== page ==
Satyan Mishra belongs to the growing tribe of businesspeople who go by the name of social entrepreneurs. They are equally at ease with bottom lines and grassroot participation; at home with mixing profits and social responsibility.
Mishra’s five-year-old company, Drishtee Dot Com Ltd, helps villagers set up Internet kiosks, which act as information hubs. Its basket of services includes computer and English language courses, agricultural queries, BPO services, life insurance, and franchises for batteries and invertors. Set up with an initial investment of Rs 50,000, Drishtee charges a one-time licence fee of Rs 10,000 and Rs 500 per month as kiosk fee—a business model that now underlies a Rs 3.27 crore business.
Yet villages and social service were the farthest in the 33-year-old Mishra’s mind when he was dreaming up a career for himself. Youngest among three siblings, Mishra did not want to be a financial burden on the family after his father’s demise in 1991. Tuitions, selling insurance, part-time consultancy and even playing in the stock market, Mishra busied himself in making money even before he had graduated. “I considered myself quite a pro in the financial market till I lost a lot of money in stocks,” says Mishra.
After graduating from Delhi School of Economics in 1997, he refused a job offer of Rs 18,500 a month from a marketing company. He instead worked out a business plan. He went back to the consultancy firm, Yeti International, he had freelanced for as an undergraduate. The Bhopal-based company paid him Rs 3,500 per month for an Internet-based research work. “It took three months to convince my mother about this decision,” says Mishra, who wanted to follow his dreams rather than take the much-trodden path.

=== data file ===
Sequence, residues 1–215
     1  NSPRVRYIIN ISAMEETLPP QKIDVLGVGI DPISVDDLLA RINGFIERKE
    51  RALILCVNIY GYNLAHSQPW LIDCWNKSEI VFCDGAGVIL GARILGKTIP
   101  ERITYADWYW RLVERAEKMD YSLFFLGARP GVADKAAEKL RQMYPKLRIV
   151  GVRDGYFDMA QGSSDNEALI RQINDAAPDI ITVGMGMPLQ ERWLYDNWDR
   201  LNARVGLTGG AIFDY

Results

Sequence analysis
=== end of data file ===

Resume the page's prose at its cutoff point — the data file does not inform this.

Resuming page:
Realising the potential of the Net, he honed his web skills and became net-savvy and learnt the technologies needed for web-based activities.
Tips for Aspiring Start-ups from Mishra’s Book
|- ADD A MISSION TO YOUR BUSINESS Don’t let just money drive your enterprise|
- DO BACKGROUND CHECKS Mishra visits an area several times before launching a project
- TAKE CALCULATED RISKS Mishra’s each step was backed by a plan
- USE NEW TECH Drishtee has added online trade to help artisans
Since the Net was the most happening thing, Mishra decided to cash in on this boom and quit Yeti in 1998. With a mentor in Sardar Machi Singh, who owned a lot of property in Bhopal and had met Mishra at Yeti, he set up Cyberedge, an institute that offered computer training, personality development and English speaking courses. Internet came to Bhopal around August 1998 and Mishra’s institute was flooded with students. “I could start paying Singh back from the fourth month onwards,” says Mishra. From just two computers and borrowed furniture in July 1998 to 300 students, 35 computers and 32 employees in 1999, Mishra recorded a turnover of Rs 18 lakh in the first year.